Travel day. In the past, I would spend 10 days which included 2 travel, but found myself chafing and wanting to go home again before the 10 days were over. This time it was 8. I could feel the very fringes of the eagerness to get home. I know he felt regret at my leaving, but I did not. I was happy. Contented. Sated.
It was a good time - perhaps the best aside from the initial "honeymoon" visit. Perhaps it helped that we had seen more of one another throughout the year than in previous years.
For a day of rest, it was a purely busy one. The note of interest is the degree of eagerness E had to see me. Picked me up at the airport (I cancelled the shuttle reservation) and while I was pleased to see him, and even invited him in, I made my tiredness clear. No worries, as I indicated the days I'd be available to see him again this coming week. He chose today, and we bicycled in the desert, setting a good pace, riding 10 miles round trip, with a break between. We went to dinner. The talk was good.
He's deep into NRE. I am not quite so much, although I enjoy his company, hearing his thoughts. I enjoy his obvious adoration, emphasized by repeated exclamations of admiration.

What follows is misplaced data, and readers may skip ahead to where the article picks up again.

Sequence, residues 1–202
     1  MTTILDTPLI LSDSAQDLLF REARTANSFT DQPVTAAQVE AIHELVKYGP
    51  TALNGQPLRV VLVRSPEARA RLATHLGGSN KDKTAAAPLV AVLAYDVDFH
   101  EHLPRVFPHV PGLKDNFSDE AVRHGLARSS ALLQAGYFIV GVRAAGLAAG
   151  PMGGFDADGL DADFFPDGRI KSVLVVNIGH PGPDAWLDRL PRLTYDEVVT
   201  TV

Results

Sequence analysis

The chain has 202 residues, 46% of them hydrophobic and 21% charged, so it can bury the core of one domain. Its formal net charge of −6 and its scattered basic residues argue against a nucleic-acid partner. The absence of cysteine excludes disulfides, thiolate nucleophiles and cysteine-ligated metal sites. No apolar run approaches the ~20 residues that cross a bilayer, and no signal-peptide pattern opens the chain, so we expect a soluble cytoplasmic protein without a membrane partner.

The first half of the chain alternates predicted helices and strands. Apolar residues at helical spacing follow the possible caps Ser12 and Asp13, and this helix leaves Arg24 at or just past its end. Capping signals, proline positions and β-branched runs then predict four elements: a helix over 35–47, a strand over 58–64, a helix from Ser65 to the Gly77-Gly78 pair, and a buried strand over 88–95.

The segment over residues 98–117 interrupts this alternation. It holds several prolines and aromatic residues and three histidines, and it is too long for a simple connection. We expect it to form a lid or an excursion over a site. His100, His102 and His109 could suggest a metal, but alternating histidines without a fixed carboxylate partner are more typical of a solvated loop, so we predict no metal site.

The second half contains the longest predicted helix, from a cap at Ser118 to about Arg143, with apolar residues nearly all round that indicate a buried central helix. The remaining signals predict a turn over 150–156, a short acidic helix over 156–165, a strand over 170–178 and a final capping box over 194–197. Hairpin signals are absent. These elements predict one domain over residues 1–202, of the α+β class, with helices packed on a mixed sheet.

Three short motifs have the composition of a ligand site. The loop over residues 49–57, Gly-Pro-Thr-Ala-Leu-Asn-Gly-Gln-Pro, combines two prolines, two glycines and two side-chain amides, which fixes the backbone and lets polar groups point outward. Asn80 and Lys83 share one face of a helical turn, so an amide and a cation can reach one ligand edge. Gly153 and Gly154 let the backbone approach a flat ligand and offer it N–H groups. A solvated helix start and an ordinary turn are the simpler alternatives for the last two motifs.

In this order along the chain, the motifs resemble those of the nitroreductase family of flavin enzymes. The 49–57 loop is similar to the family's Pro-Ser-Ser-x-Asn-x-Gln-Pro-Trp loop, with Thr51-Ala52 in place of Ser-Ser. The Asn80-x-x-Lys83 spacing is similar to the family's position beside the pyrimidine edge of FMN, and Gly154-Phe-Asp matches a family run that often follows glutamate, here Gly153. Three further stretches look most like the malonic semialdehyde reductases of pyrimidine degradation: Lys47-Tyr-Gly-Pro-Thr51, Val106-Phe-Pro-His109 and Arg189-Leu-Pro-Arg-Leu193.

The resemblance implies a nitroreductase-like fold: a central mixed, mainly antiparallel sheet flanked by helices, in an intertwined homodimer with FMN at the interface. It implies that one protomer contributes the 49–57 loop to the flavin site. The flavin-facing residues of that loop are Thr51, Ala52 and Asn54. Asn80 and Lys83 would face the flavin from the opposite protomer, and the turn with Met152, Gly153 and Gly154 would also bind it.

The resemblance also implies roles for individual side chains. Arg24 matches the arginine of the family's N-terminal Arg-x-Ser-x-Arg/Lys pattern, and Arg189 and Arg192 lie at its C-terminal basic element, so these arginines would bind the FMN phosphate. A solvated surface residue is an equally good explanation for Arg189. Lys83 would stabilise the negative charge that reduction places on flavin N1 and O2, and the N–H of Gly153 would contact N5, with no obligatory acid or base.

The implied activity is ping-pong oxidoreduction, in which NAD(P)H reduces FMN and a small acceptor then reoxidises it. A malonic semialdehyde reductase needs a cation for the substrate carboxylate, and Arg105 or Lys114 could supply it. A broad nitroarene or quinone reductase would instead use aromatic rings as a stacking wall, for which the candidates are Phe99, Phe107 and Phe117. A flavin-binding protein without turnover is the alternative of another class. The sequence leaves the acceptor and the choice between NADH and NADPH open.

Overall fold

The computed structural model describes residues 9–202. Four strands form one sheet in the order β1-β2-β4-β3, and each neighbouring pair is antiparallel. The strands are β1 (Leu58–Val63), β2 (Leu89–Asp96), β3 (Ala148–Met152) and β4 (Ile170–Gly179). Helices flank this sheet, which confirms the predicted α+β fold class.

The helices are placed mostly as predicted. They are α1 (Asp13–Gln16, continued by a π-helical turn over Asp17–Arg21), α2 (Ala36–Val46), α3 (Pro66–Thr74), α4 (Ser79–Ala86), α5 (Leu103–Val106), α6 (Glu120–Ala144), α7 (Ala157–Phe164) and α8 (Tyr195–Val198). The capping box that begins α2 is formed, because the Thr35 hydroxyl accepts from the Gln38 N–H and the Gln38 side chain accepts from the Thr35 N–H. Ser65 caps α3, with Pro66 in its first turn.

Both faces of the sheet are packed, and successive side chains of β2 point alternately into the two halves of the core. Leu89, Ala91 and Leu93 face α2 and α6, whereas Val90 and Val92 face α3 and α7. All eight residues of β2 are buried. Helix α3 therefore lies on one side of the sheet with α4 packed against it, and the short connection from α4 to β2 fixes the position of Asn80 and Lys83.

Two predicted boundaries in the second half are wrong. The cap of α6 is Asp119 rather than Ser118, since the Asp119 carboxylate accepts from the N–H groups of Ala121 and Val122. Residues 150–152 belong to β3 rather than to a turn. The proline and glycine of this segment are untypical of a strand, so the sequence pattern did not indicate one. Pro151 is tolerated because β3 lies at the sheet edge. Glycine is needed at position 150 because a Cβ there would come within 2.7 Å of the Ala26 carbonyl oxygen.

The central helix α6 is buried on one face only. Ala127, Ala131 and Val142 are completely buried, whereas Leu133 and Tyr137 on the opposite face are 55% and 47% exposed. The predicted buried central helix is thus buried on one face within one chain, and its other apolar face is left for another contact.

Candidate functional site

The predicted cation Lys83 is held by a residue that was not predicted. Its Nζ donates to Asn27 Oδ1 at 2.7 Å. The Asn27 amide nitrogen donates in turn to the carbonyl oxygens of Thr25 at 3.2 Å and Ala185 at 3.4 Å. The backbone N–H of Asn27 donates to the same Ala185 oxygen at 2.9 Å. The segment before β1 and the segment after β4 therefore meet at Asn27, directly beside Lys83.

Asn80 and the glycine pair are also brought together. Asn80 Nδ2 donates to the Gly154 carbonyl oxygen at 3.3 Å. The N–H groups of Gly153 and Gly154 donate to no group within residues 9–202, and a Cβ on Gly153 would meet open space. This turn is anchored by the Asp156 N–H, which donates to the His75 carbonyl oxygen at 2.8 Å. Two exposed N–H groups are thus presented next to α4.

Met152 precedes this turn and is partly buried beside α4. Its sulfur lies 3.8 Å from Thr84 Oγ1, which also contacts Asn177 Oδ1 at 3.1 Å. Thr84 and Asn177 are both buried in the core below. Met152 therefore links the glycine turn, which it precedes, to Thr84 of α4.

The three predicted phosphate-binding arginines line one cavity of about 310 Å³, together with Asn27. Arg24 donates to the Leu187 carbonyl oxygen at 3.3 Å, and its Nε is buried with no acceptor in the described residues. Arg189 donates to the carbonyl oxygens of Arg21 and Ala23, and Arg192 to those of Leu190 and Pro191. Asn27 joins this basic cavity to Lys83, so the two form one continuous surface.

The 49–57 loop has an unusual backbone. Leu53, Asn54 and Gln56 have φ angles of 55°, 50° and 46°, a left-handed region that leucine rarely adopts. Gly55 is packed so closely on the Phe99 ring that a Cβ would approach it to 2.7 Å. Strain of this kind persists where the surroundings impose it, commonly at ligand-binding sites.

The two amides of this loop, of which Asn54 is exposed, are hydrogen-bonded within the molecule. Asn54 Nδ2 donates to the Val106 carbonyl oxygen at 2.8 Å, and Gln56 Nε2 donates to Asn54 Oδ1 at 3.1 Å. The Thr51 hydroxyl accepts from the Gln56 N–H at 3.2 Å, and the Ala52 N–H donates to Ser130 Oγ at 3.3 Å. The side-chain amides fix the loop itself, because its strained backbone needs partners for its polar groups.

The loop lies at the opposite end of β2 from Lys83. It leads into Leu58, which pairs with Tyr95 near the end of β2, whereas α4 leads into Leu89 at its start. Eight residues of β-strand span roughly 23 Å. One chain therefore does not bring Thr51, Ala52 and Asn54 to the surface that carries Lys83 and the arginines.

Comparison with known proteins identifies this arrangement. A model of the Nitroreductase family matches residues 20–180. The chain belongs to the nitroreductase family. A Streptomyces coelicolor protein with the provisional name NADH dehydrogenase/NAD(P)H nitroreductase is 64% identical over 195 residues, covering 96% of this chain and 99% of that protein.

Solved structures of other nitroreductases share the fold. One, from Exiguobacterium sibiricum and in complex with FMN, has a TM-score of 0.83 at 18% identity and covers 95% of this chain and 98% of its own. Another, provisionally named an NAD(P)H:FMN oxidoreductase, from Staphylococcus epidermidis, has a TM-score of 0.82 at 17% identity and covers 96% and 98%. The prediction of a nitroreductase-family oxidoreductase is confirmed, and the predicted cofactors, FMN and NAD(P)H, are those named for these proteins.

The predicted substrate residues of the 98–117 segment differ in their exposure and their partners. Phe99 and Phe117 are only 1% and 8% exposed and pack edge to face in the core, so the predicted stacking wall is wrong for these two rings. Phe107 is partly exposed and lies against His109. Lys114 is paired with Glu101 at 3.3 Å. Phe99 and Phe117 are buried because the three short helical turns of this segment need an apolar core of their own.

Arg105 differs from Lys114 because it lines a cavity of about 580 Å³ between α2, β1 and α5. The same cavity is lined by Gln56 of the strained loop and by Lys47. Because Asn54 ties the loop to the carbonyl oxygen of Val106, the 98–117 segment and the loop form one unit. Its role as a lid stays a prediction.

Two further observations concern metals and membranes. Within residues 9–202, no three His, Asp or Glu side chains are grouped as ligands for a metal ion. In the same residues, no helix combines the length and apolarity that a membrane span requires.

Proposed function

He is practical, rational, and unburdened by baggage. He has vast experience with a variety of women. I suspect that if I am unable to meet his emotional needs in the long run, he will be able to move on with very little drama.
Already, however, he is anticipating feelings of jealousy when you come to visit, although he felt none such when I was in Florida.
Serenity fills me to overflowing. I pause to acknowledge just how amazingly blessed -- or if the word "blessing" conjures up bad connotations for you, then use "fortunate" -- my life has been.
I strive, in my small ways, to reach outward with what I feel deep inside of me, and share some of it. I wish all could feel as I do, this balance, this peace, this love.
What a large part of this has been you, from you, and through you!
Yes, the other, too, absolutely. But you. You enabled this. Thank you.
She's been gray about the muzzle for a couple of years now, but it seems to have spread into the face. I see it in large breed dogs, usually when they hit around the age of 8 or 9 years. This one probably qualifies as "small", being around 45 lbs -- maybe medium -- and she's only four years of age. She was born with pancreatic insufficiency. This manifested before she was a year old. I wonder if this might be shortening her lifespan. She's got character. No matter when she goes, I will miss her sorely. I hope she lives long.